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Public health director's warning as schools are main places for Derbyshire Covid-19 cases

Tuesday, December 7th, 2021 10:13am

By Eddie Bisknell, Local Democracy Reporter @EddieBisk

Dean Wallace, the public health director for Derbyshire.

Schools are the main places in which Derbyshire residents are currently reporting Covid-19 cases and low vaccine uptake is focused in our already more vulnerable communities.

Dean Wallace, the public health director for Derbyshire, also warned that there may be increased pressure on our NHS over the next few weeks due to more people mixing at Christmas.

In an update for the Local Democracy Reporting Service, Mr Wallace outlined that everyone needs to make responsible choices around meeting up with people from outside their households.

This includes keeping a distance – where possible – wearing a face covering in enclosed spaces, retaining good hand hygiene and making sure indoor spaces outside of your household are well-ventilated.

All of this comes as Derbyshire continues to record thousands of new Covid cases every week, critically meaning there is more of a risk that vulnerable people will contract the virus – even if they have been vaccinated. 

There is also the new Omicron variant of the virus, with health officials fearing its vastly unknown potential.

This is why health leaders continue to push for people to get vaccinated in order to protect other people – as well as themselves – including their colleagues or those they come into contact with on their commute or while shopping.

Mr Wallace said: “Presently the main setting where we are seeing more cases being reported are schools/educational settings.  

“We see lower vaccine uptake in certain communities and this often has a strong relationship to wider socio-economic factors, linked to housing and employment type.

“In these communities we also see high rates of other long-term health conditions – that would further increase individual and community risk from Covid-19.

He said the highest case rates were among younger age groups – those aged under 18 – but there has been a recent uptick in cases among the 30-44 year-old age group.

Mr Wallace believes this may point to school children becoming infected and passing it on to their parents or carers.

When asked what we can expect over the next few weeks, Mr Wallace said: “I would imagine a pretty similar picture to what we are seeing now with case rates remaining steady at a relatively high level, with some potential increase in infection rates as people undertake more social mixing in the run-up to Christmas.  

“The NHS and social care will remain under significant pressure, Covid will be additional pressure on top of this, as the NHS and social care face usual winter pressures, a backlog of health and care need from the pandemic, plus the direct impact of Covid.”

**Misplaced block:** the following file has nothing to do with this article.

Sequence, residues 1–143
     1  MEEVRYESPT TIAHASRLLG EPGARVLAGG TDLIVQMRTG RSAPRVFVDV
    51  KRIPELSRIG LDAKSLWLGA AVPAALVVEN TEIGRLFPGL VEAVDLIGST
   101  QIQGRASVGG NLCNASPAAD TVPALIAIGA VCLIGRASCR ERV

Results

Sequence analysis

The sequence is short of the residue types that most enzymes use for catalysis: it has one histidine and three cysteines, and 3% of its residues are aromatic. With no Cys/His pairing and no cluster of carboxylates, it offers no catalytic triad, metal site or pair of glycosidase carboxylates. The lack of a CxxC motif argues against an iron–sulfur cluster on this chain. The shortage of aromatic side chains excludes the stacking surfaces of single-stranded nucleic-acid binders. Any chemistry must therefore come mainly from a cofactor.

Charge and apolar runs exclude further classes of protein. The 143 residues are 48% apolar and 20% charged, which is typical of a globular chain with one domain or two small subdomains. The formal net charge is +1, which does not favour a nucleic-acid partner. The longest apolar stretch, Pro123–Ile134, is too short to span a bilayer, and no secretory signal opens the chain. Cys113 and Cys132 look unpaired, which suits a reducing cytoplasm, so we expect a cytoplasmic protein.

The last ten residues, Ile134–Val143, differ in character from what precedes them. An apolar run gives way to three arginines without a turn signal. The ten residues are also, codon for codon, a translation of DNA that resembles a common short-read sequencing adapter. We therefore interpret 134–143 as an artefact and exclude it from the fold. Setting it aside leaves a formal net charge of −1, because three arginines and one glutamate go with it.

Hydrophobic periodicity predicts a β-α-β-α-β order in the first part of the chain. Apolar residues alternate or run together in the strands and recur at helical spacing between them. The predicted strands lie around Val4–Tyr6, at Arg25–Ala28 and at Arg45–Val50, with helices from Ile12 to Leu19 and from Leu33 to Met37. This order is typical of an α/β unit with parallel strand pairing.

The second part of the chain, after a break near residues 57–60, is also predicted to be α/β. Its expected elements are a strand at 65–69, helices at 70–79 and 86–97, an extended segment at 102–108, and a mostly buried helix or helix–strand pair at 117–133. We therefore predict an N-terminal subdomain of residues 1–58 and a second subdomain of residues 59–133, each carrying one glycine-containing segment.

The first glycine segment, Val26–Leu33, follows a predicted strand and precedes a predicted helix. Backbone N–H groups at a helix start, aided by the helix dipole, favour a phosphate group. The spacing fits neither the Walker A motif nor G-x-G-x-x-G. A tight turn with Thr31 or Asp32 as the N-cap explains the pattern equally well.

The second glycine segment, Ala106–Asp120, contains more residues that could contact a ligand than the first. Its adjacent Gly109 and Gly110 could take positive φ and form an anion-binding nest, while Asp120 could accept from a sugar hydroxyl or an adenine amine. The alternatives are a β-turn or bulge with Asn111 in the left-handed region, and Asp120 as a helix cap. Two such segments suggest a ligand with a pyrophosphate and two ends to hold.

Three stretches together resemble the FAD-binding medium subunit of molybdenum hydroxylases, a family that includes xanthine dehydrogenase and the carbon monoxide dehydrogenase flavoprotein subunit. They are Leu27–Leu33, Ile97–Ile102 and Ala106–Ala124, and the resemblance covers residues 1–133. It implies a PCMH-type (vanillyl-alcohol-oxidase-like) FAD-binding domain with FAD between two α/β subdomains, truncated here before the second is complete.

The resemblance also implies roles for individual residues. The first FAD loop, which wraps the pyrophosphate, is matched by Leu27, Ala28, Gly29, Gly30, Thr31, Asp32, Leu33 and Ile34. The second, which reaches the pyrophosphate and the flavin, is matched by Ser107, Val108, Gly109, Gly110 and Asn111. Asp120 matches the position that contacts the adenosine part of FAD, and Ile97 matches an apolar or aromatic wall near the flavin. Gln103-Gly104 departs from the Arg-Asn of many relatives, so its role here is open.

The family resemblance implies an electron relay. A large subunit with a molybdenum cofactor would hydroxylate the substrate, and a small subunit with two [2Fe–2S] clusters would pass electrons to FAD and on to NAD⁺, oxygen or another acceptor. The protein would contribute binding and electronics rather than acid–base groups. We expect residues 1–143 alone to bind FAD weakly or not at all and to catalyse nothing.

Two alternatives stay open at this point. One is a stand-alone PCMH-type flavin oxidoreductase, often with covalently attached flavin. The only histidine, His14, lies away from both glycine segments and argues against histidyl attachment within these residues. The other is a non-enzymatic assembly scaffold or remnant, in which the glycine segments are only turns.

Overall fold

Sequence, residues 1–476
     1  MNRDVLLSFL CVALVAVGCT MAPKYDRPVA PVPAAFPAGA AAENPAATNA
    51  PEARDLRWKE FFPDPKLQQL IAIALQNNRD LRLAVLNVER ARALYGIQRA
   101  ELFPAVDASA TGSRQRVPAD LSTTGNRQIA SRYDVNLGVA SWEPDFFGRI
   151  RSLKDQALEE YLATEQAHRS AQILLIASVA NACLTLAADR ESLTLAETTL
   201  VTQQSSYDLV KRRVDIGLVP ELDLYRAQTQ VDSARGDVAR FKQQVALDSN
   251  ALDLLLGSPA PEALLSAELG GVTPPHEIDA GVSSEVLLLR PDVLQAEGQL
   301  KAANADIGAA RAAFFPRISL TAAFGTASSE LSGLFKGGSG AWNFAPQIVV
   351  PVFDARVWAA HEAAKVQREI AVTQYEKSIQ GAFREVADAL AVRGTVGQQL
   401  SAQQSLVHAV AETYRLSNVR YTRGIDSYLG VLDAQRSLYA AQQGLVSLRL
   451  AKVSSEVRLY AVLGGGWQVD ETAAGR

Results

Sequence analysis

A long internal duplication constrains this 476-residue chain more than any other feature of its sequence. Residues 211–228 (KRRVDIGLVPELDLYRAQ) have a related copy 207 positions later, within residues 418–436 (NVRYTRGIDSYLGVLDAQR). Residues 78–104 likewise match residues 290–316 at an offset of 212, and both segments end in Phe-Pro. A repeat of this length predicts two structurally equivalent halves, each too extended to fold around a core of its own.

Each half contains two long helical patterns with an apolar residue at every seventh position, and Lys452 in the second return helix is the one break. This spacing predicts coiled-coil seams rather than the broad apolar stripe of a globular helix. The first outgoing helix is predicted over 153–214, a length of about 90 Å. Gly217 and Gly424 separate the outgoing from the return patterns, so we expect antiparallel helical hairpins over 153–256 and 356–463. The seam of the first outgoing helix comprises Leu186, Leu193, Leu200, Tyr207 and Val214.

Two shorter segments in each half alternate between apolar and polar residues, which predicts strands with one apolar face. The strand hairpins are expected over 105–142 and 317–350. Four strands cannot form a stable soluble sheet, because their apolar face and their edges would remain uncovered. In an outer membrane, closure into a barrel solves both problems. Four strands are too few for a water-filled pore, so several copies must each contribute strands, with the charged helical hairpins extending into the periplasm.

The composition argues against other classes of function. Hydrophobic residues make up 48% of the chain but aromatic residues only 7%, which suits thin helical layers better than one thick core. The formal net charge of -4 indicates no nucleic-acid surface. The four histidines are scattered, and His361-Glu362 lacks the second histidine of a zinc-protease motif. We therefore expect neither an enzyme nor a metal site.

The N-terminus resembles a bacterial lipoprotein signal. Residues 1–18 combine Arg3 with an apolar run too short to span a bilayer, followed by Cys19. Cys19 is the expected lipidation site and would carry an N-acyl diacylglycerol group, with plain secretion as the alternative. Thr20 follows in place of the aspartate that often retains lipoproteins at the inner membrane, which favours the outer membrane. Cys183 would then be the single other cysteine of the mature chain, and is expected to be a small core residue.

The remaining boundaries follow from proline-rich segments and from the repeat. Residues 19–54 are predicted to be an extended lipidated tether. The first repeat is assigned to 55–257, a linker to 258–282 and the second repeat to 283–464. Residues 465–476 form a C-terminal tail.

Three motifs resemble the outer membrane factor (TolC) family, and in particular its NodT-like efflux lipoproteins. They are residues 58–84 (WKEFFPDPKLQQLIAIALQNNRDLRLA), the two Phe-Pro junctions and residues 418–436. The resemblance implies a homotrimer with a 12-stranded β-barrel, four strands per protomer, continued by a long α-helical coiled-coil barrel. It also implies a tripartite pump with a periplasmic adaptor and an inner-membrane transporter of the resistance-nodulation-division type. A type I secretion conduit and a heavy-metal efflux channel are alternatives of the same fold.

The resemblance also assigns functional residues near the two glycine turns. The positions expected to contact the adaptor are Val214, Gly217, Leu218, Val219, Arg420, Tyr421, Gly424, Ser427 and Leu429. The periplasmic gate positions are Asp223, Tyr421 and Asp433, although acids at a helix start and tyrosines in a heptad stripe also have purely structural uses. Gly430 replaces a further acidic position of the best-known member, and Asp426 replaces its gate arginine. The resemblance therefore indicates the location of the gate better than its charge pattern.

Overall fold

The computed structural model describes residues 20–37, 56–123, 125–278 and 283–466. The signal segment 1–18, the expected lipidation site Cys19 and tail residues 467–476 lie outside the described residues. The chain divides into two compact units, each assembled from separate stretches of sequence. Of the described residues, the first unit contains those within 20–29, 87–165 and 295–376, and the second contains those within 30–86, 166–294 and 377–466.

While Covid hospital inpatient levels remain comparatively low, the very presence of the virus among inpatients, in the middle of a group who are already very vulnerable, heavily restricts operations and capacity.

Any pressure on operations and capacity inevitably has an impact on the rest of the patients in our hospitals and on those who are coming to healthcare facilities in need of help – causing longer waits for care.

During previous periods of high Covid case rates, lockdown measures have been imposed and healthcare organisations told to heavily reduce their services – but that has not happened this time.

Our healthcare services are handling much higher levels of patients than they would typically see, while trying to wade through the waiting list backlog, care for Covid patients and while there is an increasing level of staff illness and burnout.

When asked how this Christmas period may differ from last year, Mr Wallace said: “The restrictions we saw last year will not be in place, we will still be in the midst of a pandemic with the Omicron variant emerging and with a health and social care system under pressure.  

“Individuals will need to consider their own risk and make choices they feel comfortable with.

“There are things we can do to reduce our risk and the risk to the people we care about and this includes: Wearing a face covering in enclosed public spaces; when meeting people outside your household indoors ensuring that the indoor space is well ventilated; and keeping a distance from people outside your household if possible and following good hand hygiene practices.  

“Taking a lateral flow test when you are going to be in close contact with people outside your household helps reduce the risk to yourself and others.  

“Getting a PCR test if you have symptoms and self-isolating until you get the results, if the result is positive then you must self-isolate for the full 10 days.  

“The vaccine remains our key defence against Covid-19 and while it’s important that people take up their first and second doses followed by their boosters these practical hygiene measures play a major part in supporting the roll-out of the vaccination programme.”

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